- In weeklyOSM #361 we said that the proposal “Language information for name” was approved. That was wrong. As chris66 pointed out in the German forum: “A rule of thumb for ‘enough support’ is 8 unanimous approval votes or at least 10 votes with more than 74 % approval, but other factors may also be considered (such as whether a feature is already in use).”
- Google got good publicity from Radio-Canada / CBC for mapping boundaries of the First Nations and Inuits (native Americans) territories. Pierre Béland suggests on Talk-ca that there is an equal opportunity for publicity for OSM by highlighting the quality of OSM in the same places.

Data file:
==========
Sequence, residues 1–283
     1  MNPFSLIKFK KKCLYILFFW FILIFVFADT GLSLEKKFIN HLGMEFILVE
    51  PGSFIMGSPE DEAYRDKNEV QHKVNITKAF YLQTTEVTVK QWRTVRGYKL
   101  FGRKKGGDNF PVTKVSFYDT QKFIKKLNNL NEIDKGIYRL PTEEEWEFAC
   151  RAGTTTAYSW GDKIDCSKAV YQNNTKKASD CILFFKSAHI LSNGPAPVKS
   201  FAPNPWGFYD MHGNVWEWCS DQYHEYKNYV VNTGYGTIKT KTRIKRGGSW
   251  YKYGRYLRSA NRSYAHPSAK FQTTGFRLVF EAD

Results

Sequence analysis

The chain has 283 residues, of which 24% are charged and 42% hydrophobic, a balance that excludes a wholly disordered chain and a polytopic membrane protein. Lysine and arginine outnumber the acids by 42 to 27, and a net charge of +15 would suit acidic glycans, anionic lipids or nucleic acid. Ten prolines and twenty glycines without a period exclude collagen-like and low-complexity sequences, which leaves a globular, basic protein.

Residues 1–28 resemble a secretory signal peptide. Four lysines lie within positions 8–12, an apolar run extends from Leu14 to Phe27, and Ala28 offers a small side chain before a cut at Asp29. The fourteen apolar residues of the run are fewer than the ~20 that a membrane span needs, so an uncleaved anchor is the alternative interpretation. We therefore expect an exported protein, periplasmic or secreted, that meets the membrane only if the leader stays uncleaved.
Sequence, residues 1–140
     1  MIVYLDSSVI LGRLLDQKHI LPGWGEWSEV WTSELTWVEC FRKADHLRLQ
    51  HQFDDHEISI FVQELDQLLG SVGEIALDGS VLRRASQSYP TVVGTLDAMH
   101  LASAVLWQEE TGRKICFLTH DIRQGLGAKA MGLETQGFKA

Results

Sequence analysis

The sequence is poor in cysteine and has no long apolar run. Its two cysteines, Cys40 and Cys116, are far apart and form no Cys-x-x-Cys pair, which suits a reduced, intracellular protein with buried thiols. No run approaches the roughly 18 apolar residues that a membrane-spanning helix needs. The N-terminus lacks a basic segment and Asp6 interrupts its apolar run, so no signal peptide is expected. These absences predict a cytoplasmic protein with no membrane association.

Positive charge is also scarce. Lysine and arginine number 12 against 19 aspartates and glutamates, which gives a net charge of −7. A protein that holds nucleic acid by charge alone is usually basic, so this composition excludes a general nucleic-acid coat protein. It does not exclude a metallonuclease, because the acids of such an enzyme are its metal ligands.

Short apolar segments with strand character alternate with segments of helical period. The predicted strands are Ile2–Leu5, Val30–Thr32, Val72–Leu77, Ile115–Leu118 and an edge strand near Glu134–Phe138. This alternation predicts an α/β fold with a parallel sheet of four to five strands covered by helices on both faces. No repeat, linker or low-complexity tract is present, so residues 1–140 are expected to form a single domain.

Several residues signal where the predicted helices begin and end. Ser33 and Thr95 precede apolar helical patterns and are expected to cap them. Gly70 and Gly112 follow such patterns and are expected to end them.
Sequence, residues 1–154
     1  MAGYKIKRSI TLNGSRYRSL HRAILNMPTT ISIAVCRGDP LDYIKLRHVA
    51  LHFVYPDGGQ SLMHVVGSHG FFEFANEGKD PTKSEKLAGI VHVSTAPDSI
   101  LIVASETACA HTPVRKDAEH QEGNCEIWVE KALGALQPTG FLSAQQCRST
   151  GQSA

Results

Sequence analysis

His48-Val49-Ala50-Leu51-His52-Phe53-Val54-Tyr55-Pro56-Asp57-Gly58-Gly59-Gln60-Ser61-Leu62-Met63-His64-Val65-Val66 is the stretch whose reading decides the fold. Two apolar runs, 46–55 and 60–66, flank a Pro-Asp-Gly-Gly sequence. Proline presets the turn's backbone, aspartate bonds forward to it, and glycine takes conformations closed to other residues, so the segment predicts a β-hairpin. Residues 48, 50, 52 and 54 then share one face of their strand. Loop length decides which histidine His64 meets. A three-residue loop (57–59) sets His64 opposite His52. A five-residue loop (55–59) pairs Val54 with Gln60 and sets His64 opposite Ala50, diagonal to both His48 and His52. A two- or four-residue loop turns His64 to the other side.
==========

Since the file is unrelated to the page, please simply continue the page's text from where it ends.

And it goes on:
- Telenav invites the Ecuador community to discuss adding street names and turn restrictions. They estimate that only 35% of streets or roads which have been mapped are named in this country.
- Marcos Oliveira informed the Portuguese mailing list that Bing published new aerial images in Portugal. Several people acknowledged this update. Happy mapping.
- On the “talk” mailing list, a contributor asked how they could follow other mappers’ edits to things of interest to them. Other than whodidit (which can also provide RSS feeds), other monitoring tools such as “Hall Monitor” and osm-qa-feeds were mentioned.
- Daniel writes about the validator for sharp turns onto ramps and explains about why highway ramps should never be sharp (i.e. < ~90 degrees) and the possibility of finding turn restrictions in this location.